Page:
I assisted on a few family law cases (usually clients we were concurrently representing in an unrelated business matter). The attorneys hated the work and grumbled that it wasn't real law. I haven't taken family law, so I don't know if that's true or not. Nonpayment of legal bills was also an issue, but our firm would never encumber a former client's property, no matter how steep the bill. That was considered a little TTTT.

timbs4339
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Re: Family law?

Postby timbs4339 » Wed Jan 29, 2014 1:56 pm

Once had an interesting conversation with a longtime family law practitioner. He aid "one of the coolest things about my job is that I get a CC permit (in a state where nobody gets a CC permit unless you really need it or are in law enforcement). That's because if my client's ex-spouse isn't trying to kill me, it probably means my client is."

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Neteshy
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Re: Family law?

Postby Neteshy » Wed Feb 05, 2014 12:20 pm

I'm really interested in Family Law also and I've had the fortunate experience of shadowing my mom who is a public defender doing only family law. What I can say it is definitely not for some people. The clients are demanding they always think they know the law and you don't, and if you can imagine since you are dealing with their kid, property...etc they get hysterical if it doesn't go their way.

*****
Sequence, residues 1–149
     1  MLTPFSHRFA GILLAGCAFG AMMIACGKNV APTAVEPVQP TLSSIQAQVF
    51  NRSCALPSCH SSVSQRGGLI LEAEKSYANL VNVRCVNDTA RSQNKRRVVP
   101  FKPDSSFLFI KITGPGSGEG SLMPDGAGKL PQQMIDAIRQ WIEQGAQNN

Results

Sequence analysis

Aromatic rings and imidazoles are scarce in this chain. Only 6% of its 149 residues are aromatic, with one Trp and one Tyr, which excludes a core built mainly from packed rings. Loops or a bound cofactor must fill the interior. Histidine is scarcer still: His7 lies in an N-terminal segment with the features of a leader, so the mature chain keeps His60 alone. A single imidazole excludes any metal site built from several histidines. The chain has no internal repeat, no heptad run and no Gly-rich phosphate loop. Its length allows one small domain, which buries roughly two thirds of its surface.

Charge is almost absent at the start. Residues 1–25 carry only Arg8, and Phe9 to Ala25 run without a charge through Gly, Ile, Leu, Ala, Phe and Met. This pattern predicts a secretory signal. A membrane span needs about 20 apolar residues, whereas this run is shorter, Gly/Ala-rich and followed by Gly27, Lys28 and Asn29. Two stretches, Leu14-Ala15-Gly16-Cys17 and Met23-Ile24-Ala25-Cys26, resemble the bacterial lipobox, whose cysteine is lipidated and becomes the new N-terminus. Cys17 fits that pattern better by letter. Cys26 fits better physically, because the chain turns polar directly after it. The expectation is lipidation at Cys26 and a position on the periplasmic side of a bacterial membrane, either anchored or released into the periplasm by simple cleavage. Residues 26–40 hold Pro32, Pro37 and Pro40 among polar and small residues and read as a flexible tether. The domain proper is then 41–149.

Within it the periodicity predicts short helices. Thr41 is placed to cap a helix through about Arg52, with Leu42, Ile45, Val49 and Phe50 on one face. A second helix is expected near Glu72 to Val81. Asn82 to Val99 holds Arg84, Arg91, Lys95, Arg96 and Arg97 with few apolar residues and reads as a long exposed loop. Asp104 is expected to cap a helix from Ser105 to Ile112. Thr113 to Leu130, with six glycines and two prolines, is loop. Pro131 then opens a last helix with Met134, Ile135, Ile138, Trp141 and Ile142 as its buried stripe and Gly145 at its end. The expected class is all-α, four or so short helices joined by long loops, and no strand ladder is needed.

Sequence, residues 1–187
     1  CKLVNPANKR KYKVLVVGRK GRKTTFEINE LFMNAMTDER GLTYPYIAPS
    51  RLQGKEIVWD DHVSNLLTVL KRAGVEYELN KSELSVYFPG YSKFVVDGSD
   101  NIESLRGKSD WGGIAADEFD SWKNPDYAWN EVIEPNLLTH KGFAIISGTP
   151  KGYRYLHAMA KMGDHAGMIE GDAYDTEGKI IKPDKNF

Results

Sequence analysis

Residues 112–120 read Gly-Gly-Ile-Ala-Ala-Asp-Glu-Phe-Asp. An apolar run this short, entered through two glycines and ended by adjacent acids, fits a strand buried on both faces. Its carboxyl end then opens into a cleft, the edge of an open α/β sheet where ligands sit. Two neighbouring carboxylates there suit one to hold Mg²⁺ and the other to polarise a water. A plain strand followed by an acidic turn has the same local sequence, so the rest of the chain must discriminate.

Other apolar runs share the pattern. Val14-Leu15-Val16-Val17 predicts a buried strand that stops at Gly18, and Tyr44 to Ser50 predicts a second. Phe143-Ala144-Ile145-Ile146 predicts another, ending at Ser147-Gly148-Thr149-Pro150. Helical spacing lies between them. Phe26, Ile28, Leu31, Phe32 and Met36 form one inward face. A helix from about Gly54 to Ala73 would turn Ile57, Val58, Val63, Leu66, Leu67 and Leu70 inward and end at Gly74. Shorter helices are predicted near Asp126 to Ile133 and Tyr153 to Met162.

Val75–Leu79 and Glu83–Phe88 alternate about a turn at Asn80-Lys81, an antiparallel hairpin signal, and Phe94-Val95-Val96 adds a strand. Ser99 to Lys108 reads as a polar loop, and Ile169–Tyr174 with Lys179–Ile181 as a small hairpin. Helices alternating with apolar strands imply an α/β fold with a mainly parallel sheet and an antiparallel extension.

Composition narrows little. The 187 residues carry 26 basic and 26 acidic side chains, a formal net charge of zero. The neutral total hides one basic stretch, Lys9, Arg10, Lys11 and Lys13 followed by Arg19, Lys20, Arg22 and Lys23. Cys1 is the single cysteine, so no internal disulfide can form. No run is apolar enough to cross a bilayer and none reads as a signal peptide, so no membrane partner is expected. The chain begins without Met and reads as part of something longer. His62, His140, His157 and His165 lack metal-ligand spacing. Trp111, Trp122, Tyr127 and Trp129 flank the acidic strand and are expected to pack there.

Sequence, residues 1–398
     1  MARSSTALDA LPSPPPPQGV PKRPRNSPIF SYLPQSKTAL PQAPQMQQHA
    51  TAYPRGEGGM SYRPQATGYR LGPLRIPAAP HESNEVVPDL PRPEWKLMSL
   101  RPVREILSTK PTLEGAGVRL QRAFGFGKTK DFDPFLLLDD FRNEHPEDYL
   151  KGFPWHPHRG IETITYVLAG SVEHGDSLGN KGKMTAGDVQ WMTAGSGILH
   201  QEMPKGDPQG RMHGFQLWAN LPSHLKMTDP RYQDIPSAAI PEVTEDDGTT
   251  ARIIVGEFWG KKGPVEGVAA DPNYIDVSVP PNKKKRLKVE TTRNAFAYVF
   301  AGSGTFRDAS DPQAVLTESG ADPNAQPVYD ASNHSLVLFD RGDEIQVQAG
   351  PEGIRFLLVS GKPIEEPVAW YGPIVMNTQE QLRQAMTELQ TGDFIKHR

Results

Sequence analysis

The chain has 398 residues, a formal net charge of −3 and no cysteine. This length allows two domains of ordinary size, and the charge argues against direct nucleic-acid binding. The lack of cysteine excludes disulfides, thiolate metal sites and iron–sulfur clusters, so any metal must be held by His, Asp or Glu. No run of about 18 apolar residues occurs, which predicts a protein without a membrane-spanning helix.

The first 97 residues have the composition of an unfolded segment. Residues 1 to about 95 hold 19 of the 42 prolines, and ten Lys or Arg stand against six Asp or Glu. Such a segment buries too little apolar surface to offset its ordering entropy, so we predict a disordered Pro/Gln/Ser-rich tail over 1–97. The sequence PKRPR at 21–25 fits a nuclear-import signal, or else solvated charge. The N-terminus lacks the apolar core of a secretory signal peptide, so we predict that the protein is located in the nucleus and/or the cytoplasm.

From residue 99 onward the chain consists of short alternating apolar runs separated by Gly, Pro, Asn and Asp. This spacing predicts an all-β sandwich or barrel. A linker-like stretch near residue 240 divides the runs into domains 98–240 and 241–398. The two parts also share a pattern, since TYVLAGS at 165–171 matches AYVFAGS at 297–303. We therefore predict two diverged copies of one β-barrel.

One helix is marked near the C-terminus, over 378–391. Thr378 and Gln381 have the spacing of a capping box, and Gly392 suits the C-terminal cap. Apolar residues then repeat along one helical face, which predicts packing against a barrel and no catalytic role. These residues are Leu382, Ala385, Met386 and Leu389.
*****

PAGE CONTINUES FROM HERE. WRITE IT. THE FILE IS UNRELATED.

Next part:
I wanted to answer the OP question about what else is done besides divorces. My mother doesn't do divorces simply because the PD office doesn't handle them, so she deals mostly with custody/visitation (which can be the most interesting to watch), neglect/abuse, she will represent the parents on a PINS case, and she will represent people who are so far behind in child support that they are facing jail time, which sucks for her because by that point the judge is unsympathetic to the client and most of the time there is nothing she can do.

If you are a private firm you do all of the above, including divorces. You also have an opportunity to sign up for the law guardian program and represent the child on these cases so someone is making sure what is happening is in the best interest of the child. Private attorneys can also handle the JD cases. I think that covers pretty much all the types of cases I've seen.

I like the prospect of going to family law because as opposed to criminal it is more shades of grey, it is a lot more than say GUILTY and more trying to figure out the best situation for the child, and then getting the parents back on a track of gaining custody of their child again, if they lost it. So, at first cases can be really ugly, but once you get it into model court stage it is really getting the family back on track and that can be rewarding when someone finally manages to turn their life around and become some sort of parent. With what I've seen unless it EXTREMELY dangerous or the parents continue not to do what they are supposed to DSS tries to help with the intention of giving the child back (at least here in New York).